So let’s get right to it: Lizzie’s surprise. She was finally offered the job at work which she has been working hard towards for months – except the job is in London. (They don’t live in London, mind you.) If you’re wondering why that’s enough to literally interrupt a marriage proposal before answering… you’re not alone! I was just as puzzled. After all, Nina & Lizzie have been together for three years, they likely are living together – and given that Nina is aware Lizzie wanted this job, she should have known that the job was in London and would require Lizzie to move away. (The alternative answer is that Lizzie withheld that fact about the job from her long-term girlfriend – which isn’t any better!) Nina is a writer, a job which frankly can be done from anywhere in the world.

While I can understand that Khorasani wanted to provide a bit of conflict to what would otherwise be a purely romantic lesbian marriage proposal, I disagree with the concept of adding something just to provide said conflict. Especially when it doesn’t make sense – or doesn’t work the way it was intended. For comparison, let’s recall “Will You Merry Me?“, a lesbian Christmas marriage proposal where the conflict was both the waiter who kept interrupting and her partner’s phone that was a distraction. That conflict was humorous and worked well. Unfortunately, I didn’t get the same reaction while watching “Popping The Question”. Although I didn’t feel that our two female leads had the greatest chemistry together, which certainly didn’t help.

However, not everything was awkward! The rest of the cinematographic elements were actually quite decent. I have very little to say about camera angles or sound quality, as is often the case with indie films. And I actually liked Nina’s proposal itself! It was cute to ask Lizzie to read the actual proposal and see the realization come across her face. Had we not gotten sidetracked by the weird job in London bit, it would have been a charming proposal. In fact, after Lizzie remarks that she wouldn’t take the job without Nina, putting on the engagement ring to accept Nina’s proposal is utterly romantic! And that’s why the this queer lesbian short film is still worth watching.

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Despite being quite confused with Lizzie’s mid-proposal surprise and the effect it has on the moment, “Popping The Question” is still a cute lesbian film. Khorasani remarked in her director’s statement that her goal is to bring a much-needed positive representation to LGBTQ+ stories. And while I always feel a bit awkward when I’m not a huge fan of a film I’ve been asked to review, I fully support her intention. We NEED more queer representation in cinema and media, including the sapphic stories that Khorasani and the team behind Lesflicks promote. So head over to Lesflicks and watch “Popping The Question”, a cute lesbian short film.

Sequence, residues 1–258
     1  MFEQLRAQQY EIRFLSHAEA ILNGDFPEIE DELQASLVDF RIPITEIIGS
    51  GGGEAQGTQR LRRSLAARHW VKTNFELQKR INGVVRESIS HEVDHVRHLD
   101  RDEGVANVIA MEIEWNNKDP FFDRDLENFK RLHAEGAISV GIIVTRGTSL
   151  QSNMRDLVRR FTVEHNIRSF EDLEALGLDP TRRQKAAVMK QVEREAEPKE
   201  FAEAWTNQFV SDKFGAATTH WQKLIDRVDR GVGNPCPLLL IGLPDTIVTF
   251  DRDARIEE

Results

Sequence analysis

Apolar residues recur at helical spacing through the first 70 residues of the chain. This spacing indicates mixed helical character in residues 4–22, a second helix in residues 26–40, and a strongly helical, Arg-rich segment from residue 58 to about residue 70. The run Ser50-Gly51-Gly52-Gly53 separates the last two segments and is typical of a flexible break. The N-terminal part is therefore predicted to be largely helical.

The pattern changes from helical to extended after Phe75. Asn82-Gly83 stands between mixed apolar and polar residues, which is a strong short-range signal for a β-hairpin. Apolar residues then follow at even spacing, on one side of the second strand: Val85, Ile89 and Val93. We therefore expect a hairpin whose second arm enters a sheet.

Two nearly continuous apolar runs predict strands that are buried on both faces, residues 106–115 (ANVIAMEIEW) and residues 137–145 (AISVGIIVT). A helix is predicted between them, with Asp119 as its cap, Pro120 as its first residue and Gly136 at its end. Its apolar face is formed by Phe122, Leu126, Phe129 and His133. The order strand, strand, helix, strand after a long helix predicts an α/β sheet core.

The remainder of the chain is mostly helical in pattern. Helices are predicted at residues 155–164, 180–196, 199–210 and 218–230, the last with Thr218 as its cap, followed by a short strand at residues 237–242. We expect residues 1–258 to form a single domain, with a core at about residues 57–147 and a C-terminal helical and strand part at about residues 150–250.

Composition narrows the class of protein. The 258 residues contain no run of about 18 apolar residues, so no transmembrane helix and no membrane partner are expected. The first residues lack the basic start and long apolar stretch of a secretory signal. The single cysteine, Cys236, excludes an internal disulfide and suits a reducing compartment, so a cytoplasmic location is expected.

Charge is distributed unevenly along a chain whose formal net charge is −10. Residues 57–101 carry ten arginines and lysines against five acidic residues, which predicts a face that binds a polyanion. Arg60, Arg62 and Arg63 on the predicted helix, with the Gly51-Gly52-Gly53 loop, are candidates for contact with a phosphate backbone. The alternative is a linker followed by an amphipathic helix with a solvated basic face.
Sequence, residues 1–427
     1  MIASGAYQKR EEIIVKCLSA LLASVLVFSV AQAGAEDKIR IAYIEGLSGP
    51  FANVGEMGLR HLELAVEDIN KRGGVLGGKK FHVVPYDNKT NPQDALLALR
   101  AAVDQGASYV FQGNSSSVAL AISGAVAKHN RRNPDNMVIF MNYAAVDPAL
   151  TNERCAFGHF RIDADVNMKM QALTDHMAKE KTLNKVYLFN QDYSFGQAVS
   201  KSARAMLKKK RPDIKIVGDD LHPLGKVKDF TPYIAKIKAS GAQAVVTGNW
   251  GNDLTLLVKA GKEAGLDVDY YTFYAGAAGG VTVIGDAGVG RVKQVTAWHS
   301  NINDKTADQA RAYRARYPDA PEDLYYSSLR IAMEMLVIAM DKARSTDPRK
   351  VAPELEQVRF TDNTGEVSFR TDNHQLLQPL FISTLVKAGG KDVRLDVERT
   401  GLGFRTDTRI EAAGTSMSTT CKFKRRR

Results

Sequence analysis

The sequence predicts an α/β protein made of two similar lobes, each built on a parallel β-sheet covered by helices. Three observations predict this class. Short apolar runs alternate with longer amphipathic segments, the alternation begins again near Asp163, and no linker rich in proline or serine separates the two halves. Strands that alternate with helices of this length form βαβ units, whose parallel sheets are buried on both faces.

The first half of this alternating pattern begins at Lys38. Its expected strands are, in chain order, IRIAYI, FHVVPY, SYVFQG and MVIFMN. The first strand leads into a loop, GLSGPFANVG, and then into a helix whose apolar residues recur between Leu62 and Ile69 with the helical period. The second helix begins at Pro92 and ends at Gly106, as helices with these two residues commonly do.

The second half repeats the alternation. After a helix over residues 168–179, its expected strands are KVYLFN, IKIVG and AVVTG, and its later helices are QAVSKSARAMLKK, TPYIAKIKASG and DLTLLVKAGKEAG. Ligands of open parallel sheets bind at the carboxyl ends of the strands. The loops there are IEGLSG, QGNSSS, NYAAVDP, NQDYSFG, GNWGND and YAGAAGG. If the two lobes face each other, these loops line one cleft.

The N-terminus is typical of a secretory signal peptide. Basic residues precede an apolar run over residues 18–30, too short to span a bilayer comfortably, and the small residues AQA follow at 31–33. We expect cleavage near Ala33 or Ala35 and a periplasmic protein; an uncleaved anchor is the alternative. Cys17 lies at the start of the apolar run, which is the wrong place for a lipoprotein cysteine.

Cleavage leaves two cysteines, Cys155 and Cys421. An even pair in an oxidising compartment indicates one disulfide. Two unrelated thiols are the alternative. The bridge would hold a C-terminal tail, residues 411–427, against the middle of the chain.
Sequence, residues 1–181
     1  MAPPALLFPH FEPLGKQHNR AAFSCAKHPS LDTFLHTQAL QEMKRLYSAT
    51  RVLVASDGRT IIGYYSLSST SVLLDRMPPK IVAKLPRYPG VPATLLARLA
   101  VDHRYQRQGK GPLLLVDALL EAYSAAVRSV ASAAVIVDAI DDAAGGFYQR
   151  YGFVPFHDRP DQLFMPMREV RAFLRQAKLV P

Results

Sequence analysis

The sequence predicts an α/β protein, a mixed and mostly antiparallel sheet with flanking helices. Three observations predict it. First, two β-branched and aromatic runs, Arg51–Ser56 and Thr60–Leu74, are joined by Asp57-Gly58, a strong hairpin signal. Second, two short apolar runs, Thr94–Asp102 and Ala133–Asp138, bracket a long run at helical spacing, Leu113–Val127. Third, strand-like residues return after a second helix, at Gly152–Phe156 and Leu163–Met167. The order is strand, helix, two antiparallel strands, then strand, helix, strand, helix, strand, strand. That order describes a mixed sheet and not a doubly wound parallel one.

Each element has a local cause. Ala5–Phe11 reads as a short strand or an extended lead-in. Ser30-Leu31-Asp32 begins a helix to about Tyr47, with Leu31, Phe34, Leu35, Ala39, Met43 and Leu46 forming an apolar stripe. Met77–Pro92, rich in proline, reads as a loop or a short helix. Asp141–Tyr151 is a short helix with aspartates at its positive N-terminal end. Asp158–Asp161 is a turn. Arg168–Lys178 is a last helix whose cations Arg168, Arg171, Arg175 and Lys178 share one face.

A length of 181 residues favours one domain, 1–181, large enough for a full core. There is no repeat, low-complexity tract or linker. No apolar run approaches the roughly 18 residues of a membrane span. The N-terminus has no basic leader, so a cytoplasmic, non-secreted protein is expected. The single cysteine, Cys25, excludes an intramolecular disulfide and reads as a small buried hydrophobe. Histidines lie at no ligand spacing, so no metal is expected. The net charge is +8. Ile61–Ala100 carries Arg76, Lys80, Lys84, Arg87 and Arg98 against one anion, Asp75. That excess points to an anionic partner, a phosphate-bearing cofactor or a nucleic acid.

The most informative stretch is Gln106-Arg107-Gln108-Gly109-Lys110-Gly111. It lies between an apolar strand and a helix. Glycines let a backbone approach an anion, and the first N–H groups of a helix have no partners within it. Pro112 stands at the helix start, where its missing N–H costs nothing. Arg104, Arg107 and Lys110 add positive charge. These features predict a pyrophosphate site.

[“Popping The Question” can also be streamed on Fearless.]

Queer Relevance of “Popping The Question”

“Popping The Question” is a short story about two lesbian women, with a marriage proposal thrown in for extra oomph – it’s most certainly a queer short film! However, it’s more than that – especially in a time where same-sex marriage is legal in some countries, hangs in a delicate balance in others, and banned elsewhere. Simply proposing to your same-sex partner is a statement – and until we have world-wide equality, we can never have “too many” films depicting gay & lesbian marriage!

However writer/director Shawna Khorasani takes it a step further. She feels that “some recent movies with LGBTQ characters still feature drama, tragedy, forbidden love, coming out storylines, or unhappy endings. What kind of message does that send to queer women? They deserve happy endings and normal lives.” With her lesbian short film, “Popping The Question”, she hopes to help improve mainstream LGBTQ+ media representation.